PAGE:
Judgment and Decision Making, vol. 5, no. 1, February 2010. pp. 5463
Implementation of the MultipleMeasure Maximum Likelihood strategy classification method in R: Addendum to Glöckner (2009) and practical guide for applicationMarc Jekel^{*} 
One major challenge to behavioral decision research is to identify the cognitive processes underlying judgment and decision making. Glöckner (2009) has argued that, compared to previous methods, process models can be more efficiently tested by simultaneously analyzing choices, decision times, and confidence judgments. The MultipleMeasure Maximum Likelihood (MMML) strategy classification method was developed for this purpose and implemented as a readytouse routine in STATA, a commercial package for statistical data analysis. In the present article, we describe the implementation of MMML in R, a free package for data analysis under the GNU general public license, and we provide a practical guide to application. We also provide MMML as an easytouse R function. Thus, prior knowledge of R programming is not necessary for those interested in using MMML.
Keywords: strategy classification, maximum likelihood, R.
It has been repeatedly argued that individuals make adaptive use of different decision strategies (Payne, Bettman, & Johnson, 1993; Gigerenzer & Todd, 1999) and that the application of the respective strategy might depend on different factors such as participants’ characteristics (e.g., intelligence; Bröder, 2003; Hilbig, 2008), effort accuracy tradeoffs (Payne, Bettman, & Johnson, 1988), learning experiences (Rieskamp, 2006), presentation format (Glöckner & Betsch, 2008a; Bröder & Schiffer, 2003) and situational forces (e.g., time pressure, Payne et al., 1988). Some strategies might be entirely based on deliberate computations (for an overview, see Payne et al., 1988). Others, by contrast, might partially rely on automaticintuitive processes (for an overview, see Glöckner & Witteman, 2010a). Glöckner and Betsch (2008a) showed that classic process tracing methods such as Mouselab (Payne et al., 1988) might hinder information search processes that are necessary for applying automatic processes. Furthermore, taking into account intuitiveautomatic processes, many strategies make essentially the same choice predictions (i.e., weighted compensatory information integration; e.g., Brehmer, 1994; Busemeyer & Townsend, 1993; Busemeyer & Johnson, 2004; Glöckner & Betsch, 2008b; see also Hammond, Hamm, Grassia, & Pearson, 1987; Brunswik, 1955). Glöckner (2009) showed that, considering strategies that make different choice predictions, people can be more efficiently classified by applying the MultipleMeasure Maximum Likelihood strategy classification method (MMML) as compared to relying on a choicebased strategy classification alone (Bröder & Schiffer, 2003; Bröder, 2010). Furthermore, the MMML method also allows us to differentiate between strategies that make the same choice predictions, given that decision time predictions aid discrimination.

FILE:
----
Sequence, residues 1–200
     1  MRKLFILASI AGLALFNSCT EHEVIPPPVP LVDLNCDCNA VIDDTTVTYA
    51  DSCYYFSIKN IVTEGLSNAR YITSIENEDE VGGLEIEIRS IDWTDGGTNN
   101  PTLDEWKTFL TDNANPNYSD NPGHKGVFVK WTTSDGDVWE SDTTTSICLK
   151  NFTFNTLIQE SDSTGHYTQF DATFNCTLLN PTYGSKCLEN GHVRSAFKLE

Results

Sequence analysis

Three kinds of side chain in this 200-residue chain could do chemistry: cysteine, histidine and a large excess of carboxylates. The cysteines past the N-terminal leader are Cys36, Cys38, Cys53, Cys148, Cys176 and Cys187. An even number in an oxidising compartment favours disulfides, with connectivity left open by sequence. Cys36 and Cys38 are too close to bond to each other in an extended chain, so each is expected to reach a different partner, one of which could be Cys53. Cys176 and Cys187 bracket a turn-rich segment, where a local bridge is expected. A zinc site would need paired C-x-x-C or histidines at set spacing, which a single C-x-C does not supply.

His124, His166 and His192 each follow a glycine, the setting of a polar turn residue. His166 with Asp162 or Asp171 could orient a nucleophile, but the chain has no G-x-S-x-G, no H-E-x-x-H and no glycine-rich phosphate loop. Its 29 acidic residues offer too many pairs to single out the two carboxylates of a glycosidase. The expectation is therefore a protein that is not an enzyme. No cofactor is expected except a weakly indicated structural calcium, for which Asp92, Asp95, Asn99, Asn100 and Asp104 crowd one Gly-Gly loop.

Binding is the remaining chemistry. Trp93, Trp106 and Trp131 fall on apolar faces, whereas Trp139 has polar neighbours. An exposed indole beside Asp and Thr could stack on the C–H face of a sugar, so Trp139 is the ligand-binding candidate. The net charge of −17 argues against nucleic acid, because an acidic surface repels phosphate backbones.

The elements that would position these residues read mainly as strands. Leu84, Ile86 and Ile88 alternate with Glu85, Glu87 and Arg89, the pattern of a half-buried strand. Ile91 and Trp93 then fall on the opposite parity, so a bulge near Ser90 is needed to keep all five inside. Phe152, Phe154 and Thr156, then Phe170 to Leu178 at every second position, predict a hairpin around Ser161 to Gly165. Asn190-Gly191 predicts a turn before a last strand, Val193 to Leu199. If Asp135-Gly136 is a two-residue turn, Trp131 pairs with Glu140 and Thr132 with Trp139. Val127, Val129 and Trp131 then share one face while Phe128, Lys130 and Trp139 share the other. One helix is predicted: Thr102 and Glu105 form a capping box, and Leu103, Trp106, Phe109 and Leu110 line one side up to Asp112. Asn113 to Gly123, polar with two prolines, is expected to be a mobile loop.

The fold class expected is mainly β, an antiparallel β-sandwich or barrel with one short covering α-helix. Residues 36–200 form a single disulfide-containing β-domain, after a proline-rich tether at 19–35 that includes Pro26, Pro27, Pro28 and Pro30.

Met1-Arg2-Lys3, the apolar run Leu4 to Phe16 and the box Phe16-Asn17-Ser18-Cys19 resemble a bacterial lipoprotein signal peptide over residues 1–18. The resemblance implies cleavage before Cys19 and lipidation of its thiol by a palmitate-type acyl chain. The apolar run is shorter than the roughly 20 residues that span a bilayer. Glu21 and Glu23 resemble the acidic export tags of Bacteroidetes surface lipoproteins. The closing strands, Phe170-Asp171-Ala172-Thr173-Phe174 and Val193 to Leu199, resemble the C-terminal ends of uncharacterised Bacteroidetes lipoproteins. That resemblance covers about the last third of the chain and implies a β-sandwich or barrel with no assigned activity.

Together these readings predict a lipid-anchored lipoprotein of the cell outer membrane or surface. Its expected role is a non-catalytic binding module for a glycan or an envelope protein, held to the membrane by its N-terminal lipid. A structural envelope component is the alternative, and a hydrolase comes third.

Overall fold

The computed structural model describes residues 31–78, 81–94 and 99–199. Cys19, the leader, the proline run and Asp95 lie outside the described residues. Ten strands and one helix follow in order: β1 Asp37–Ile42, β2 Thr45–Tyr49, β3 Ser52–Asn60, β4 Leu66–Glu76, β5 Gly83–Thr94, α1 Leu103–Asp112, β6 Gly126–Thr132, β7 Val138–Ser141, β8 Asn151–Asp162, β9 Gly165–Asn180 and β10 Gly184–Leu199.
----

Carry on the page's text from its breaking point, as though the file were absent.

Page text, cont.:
Preparing an experiment to generate data for the application of the MMML method comprises three basic steps: (1) choose dependent measures (and specify the distributions of those measures), (2) choose a set of strategies, (3) select items that differentiate between the considered strategies and derive predictions on the dependent measures. Then the fit of the predictions of the strategies to individuals’ empirical data is calculated using MMML and the strategy most likely accounting for individuals’ behavior is identified. Glöckner (2009) provided an implementation of the MMML method in STATA – a commercial package for data analysis. To facilitate the access to the MMML method, we introduce the implementation of the MMML method in R – a noncommercial, publicly available, and open source package for data analysis.
Parameter Description Observed n_{jk} number of choices of type of tasks j congruent to strategy k x_{T}^{→} vector of participant’s decision times x_{C}^{→} vector of participant’s confidence judgments Estimated є_{k} error rate of choices for strategy k µ_{T} mean of decision times σ_{T} standard deviation of decision times R_{T} scaling parameter for decision times µ_{C} mean of confidence judgments σ_{C} standard deviation of confidence judgments R_{C} scaling parameter for confidence judgments Given t_{Ti} contrast weight for the decision time of task i t_{Ci} contrast weight for the confidence judgment of task i
In the following, we will present the key elements of the MMML method and introduce the variables used in Equation 1 (see below). For more details, see Glöckner (2009; 2010).
The default dependent measures analyzed in the MMML method are choices, decision times, and confidence judgments (Glöckner, 2009). For choices, it is assumed that participants apply strategies with an equal error rate for all types of tasks/trials (see also Bröder & Schiffer, 2003; Bröder, 2010). Hence, the number of choices congruent with strategy predictions should be binomially distributed. Let k be the index number for strategies and j the index number for task types considered. The frequencies of decisions in line with the predictions of a strategy for each task type, n_{jk} , and the total number of tasks per type, n_{j} , can then be used to estimate the error rate є_{k} which maximizes the fit between predictions and individual choices (see first part of Equation 1).